Politics at Religious Meetings

February 28, 2008

The IRS recently notified the United Church of Christ that it is investigating if a speech last year by Democratic presidential candidate Barack Obama at the general synod meeting of the UCC violated laws for tax-exempt organizations. This news has already sparked a lot of discussion about if the investigation is legitimate and why it was not announced until now. However, the big issue here for Christians should be if it is wise to have candidates speak at the annual meetings of their religious bodies. Last month, I critiqued the joint meeting of the National Baptists for allowing Obama and Hillary Clinton to address their gathering. Unfortunately, the blame goes both ways. For instance, in 2004 George W. Bush addressed annual meetings of the Southern Baptist Convention and the National Association of Evangelicals. Ironically, of all of these speeches, the only one being investigated so far by the IRS is the only one where the speaker in question was actually a member of the denomination.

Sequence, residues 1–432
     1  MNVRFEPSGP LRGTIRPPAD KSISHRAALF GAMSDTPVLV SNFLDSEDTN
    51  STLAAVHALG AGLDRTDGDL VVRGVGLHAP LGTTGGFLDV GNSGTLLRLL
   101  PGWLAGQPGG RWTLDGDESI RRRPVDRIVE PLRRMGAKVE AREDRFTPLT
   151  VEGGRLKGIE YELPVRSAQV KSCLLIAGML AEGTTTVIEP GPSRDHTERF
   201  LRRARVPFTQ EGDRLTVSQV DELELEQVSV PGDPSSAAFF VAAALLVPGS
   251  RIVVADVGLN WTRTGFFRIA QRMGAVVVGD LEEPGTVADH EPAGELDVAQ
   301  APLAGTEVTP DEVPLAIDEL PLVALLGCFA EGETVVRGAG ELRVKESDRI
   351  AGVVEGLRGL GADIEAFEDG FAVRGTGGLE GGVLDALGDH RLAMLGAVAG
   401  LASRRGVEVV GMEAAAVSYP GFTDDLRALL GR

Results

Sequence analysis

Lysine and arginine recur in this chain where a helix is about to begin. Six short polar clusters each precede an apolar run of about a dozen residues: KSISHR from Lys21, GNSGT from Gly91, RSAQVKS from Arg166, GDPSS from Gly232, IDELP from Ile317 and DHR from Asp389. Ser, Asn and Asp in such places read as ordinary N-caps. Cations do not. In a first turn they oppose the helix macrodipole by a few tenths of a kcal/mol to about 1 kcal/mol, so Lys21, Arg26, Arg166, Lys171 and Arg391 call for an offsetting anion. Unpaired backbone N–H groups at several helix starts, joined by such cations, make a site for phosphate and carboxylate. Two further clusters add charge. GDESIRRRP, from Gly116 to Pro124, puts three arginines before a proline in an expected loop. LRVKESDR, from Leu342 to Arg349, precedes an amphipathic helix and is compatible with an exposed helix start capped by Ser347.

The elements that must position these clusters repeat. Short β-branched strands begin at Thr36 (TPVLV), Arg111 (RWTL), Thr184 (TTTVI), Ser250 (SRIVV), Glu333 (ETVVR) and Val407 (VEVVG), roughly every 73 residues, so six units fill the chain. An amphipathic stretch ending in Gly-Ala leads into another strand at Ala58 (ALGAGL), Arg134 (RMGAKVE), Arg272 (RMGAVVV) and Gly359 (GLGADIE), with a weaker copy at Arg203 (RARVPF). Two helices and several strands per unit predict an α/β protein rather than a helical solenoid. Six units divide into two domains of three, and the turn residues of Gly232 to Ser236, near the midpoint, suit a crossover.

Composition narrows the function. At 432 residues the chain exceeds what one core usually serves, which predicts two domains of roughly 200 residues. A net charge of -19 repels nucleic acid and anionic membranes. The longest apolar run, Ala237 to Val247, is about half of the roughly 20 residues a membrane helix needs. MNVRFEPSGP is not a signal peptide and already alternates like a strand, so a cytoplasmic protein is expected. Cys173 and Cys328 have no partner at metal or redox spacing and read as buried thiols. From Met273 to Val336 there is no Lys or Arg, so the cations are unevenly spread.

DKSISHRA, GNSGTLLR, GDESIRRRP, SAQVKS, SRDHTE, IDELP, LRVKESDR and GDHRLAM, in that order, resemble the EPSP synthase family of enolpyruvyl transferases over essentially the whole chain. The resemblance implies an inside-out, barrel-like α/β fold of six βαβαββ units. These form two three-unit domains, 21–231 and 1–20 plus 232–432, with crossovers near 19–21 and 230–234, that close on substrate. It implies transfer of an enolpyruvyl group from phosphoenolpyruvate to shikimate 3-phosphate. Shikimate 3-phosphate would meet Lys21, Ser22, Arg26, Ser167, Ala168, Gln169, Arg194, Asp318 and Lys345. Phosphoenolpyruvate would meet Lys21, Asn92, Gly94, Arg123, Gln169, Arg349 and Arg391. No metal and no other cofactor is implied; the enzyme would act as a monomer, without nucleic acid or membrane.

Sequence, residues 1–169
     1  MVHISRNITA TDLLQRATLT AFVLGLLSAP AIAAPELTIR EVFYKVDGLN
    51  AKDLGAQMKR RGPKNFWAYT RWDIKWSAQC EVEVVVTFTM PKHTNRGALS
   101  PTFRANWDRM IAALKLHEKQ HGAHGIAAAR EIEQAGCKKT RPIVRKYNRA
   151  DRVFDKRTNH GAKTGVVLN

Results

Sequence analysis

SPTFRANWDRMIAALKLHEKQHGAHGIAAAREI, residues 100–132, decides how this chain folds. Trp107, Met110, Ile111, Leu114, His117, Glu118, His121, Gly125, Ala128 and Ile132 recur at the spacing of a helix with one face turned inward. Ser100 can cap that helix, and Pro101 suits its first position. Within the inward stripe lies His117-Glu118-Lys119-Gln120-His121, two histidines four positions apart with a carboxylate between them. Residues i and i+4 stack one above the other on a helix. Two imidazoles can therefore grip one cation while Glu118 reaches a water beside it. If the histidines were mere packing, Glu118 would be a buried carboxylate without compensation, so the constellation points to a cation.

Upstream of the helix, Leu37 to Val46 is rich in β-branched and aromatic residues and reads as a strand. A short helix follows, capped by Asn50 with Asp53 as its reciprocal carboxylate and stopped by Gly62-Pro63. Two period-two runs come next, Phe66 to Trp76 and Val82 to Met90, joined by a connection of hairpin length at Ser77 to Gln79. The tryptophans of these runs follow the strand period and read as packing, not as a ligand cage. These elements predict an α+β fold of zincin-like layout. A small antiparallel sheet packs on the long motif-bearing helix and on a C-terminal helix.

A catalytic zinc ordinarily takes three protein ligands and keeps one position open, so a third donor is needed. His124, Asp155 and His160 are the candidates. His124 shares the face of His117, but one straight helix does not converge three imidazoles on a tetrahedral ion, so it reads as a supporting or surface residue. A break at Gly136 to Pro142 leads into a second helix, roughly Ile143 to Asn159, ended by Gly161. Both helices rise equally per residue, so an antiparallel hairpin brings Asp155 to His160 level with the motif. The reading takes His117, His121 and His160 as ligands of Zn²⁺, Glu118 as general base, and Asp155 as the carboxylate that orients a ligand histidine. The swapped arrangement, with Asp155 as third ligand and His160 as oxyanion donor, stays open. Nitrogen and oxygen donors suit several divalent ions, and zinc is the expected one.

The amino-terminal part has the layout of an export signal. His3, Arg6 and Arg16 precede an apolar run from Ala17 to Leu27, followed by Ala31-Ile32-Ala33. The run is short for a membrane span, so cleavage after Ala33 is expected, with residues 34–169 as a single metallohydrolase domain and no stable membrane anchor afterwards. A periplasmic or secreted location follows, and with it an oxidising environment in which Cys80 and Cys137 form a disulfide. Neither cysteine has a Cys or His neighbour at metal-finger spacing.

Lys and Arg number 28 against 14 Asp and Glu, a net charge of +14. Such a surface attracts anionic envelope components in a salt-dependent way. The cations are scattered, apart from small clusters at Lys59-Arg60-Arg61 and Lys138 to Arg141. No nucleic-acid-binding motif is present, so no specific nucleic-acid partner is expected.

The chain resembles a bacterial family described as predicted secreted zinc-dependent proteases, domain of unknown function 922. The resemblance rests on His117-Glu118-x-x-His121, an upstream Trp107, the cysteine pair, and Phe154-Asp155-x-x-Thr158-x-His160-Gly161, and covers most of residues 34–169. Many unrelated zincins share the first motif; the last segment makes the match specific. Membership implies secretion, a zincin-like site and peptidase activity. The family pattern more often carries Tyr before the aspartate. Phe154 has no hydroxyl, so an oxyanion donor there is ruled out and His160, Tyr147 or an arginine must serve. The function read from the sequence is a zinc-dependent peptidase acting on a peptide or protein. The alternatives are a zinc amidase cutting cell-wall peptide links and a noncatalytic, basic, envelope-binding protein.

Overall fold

The problem with such occasions during a campaign year is that they could give the impression--even if inaccurate--that the religious body has taken sides. Even if the IRS decides that such addresses are okay, religious groups should still avoid them. Ministry can be difficult enough without adding another barrier because of one's public partisan involvement. As I argued in my book (For God's Sake, Shut Up!), we must not give up our higher calling in order to play politics.